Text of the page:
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Commentary: Is this a bridge too far?

Open ArchivePublished:September 23, 2019DOI:https://doi.org/10.1016/j.jtcvs.2019.07.150
      Figure thumbnail fx1
      The bridge at Arnhem, The Netherlands, over the Lower Rhine–the so-called “bridge too far.”
      This case report describes a unique technique that was successful in a single patient. The applicability of this technique to a larger subset of these patients is questionable.
      See Article page e219.
      No one would argue against the notion that tricuspid valve regurgitation is a potentially big problem in some patients with hypoplastic left heart syndrome. It is a risk factor for early death and surgical intervention on the tricuspid valve might be necessary in up to 25% of all patients with hypoplastic left heart syndrome in the first 10 years of life. The underlying mechanisms leading to the regurgitant valve are variable and likewise a variety of repair techniques have been reported. These techniques have met with only fair success for the most part. Table 1 shows the techniques reported in the literature. Judging by the number of different methods to deal with a single problem, one can safely surmise that none of these are particularly effective in the long term.
      • Pigula F.A.
      • Mettler B.
      Management of tricuspid regurgitation in patients with hypoplastic left heart syndrome.
      Table 1Cleft closure
      Annuloplasty
       Anterior septal leaflet commissuroplasty
       Obliteration of the posterior leaflet
       Partial DeVega annuloplasty
      Papillary muscle-based repair
       Translocation of the anterior papillary muscle
       Relocation of the papillary muscles
       Approximation of the papillary muscles
      The procedure described by Kanno and colleagues in this issue of The Journal of Thoracic and Cardiovascular Surgery
      • Kanno K.
      • Ikai A.
      • Murata M.
      • Sakamoto K.
      The interannular bridge: a new technique for the management of tricuspid regurgitation in hypoplastic left heart syndrome.
      was derived from that described by Sughimoto and the group from Melbourne in 2015
      • Sughimoto K.
      • Konstantinov I.E.
      • Brizard C.P.
      • d’Udekem Y.
      Polytetrafluoroethylene bridge for atrioventricular valve repair in single-ventricle palliation.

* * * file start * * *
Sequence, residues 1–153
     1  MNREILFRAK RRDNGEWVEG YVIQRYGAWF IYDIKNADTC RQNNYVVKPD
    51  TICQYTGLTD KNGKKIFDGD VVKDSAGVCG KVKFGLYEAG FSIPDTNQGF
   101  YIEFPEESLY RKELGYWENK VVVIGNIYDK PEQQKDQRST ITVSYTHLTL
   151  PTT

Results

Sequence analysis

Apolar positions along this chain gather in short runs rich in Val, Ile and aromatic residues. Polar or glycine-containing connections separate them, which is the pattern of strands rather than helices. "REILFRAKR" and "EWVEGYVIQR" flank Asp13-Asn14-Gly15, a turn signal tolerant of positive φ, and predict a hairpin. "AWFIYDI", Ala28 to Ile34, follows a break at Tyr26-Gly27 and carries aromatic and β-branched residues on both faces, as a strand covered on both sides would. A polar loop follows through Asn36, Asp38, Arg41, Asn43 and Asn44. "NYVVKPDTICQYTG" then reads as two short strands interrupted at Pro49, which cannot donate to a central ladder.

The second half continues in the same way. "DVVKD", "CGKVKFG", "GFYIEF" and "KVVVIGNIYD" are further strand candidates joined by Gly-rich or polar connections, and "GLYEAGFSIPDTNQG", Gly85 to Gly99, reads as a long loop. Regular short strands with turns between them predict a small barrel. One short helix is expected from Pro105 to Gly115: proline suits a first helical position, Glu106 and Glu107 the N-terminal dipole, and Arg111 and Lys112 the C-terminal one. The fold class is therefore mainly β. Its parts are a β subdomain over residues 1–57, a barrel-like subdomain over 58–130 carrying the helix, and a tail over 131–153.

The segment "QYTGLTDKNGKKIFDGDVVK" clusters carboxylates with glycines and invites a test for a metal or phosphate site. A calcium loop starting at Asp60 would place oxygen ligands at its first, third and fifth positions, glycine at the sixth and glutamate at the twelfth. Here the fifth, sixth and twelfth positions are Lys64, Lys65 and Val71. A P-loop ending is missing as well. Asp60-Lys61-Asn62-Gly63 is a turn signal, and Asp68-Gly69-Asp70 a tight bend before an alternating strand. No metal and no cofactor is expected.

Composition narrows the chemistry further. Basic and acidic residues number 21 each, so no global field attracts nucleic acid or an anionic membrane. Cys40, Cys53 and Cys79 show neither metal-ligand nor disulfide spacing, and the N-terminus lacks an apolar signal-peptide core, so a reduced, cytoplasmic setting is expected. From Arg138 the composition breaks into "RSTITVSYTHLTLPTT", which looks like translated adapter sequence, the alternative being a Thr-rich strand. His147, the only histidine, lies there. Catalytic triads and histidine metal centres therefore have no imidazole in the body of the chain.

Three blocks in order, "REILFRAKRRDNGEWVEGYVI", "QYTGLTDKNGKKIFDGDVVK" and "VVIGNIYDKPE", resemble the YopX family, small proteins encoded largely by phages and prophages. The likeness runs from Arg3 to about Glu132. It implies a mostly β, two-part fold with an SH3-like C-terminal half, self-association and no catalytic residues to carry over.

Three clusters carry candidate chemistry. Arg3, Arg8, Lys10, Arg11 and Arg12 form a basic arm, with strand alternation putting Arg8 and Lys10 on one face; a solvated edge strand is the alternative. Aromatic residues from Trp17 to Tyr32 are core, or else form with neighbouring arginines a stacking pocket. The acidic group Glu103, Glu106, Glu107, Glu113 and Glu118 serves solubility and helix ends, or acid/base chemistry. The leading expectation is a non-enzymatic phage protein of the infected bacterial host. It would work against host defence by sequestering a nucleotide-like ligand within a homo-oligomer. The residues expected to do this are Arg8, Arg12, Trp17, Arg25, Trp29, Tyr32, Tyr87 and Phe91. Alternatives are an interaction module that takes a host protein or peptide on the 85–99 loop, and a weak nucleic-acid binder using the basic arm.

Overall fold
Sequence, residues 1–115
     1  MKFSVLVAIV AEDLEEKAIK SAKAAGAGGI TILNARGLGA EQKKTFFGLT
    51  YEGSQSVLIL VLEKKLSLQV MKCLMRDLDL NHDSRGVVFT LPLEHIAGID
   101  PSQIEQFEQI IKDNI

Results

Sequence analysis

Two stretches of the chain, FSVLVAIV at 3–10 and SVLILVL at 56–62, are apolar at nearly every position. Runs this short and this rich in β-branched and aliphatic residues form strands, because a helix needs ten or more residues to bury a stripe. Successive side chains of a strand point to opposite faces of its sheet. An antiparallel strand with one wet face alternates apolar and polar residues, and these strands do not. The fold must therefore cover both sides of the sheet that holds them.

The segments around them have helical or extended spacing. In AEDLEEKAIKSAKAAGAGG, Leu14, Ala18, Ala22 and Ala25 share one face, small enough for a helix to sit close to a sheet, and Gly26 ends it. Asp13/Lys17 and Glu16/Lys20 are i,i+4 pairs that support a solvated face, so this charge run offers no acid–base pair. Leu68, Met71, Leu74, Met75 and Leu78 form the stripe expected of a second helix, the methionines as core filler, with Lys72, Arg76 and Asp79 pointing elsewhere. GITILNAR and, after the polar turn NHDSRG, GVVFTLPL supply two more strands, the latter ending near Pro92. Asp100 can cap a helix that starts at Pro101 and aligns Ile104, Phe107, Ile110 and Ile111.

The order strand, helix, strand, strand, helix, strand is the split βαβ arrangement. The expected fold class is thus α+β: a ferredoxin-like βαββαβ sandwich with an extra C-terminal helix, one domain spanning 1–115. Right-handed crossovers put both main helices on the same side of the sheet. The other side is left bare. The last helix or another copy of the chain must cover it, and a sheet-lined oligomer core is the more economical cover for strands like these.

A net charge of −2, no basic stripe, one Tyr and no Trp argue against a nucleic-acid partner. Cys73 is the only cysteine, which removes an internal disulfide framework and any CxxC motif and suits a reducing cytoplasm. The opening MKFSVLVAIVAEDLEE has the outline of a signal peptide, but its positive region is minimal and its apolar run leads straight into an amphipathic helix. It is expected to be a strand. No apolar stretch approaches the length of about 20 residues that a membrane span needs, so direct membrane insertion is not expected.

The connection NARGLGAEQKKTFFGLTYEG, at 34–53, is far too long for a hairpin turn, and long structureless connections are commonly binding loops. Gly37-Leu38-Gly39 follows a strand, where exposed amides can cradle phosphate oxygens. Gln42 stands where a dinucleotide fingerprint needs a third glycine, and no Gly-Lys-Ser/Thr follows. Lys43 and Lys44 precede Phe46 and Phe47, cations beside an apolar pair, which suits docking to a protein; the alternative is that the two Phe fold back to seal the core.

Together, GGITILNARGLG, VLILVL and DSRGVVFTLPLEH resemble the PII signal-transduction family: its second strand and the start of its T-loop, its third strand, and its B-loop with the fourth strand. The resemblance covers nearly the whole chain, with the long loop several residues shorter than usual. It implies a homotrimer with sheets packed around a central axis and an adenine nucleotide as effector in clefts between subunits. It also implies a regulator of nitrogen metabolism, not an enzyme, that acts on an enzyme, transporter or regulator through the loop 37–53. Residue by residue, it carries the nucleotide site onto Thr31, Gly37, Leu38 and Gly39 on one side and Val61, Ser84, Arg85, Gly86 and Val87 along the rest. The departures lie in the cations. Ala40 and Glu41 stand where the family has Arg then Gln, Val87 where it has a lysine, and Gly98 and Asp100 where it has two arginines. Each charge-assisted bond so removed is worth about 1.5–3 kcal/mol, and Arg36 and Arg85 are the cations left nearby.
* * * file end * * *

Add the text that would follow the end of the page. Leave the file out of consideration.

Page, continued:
and by Takayama and the group from Yokohama in 1995.
      • Takayama T.
      • Nagata N.
      • Miyairi T.
      • Abe M.
      • Koseni K.
      • Yoshimura Y.
      Bridging annuloplasty for common atrioventricular valve regurgitation.
      The repair in these procedures involved a bridge across a common atrioventricular valve in patients with unbalanced atrioventricular (AV) canal and single-ventricle anomalies. The bridge would function to support the common atrioventricular valve much like a ventricular septal defect patch would in a conventional repair of a complete AV canal. Both groups describe using additional techniques besides the bridge but emphasize that the key to the repair is the bridge. It is fair to say that there is some logic behind this premise and their results (albeit in a small number of patients) support their contention. However, the logic behind using this bridge across the mid portion of a tricuspid valve escapes us. The authors contend that this controlled central regurgitation, presumably the bridge, would block regurgitation at points where the leaflets might not coapt, similar to the Alfieri stitch for mitral regurgitation. It would seem that there would be some distortion of the annulus at the time of placement of this bridge and that with time that would only get worse. However, with nearly 4 years of follow-up, their single patient had neither significant tricuspid valve regurgitation nor stenosis. Amazing.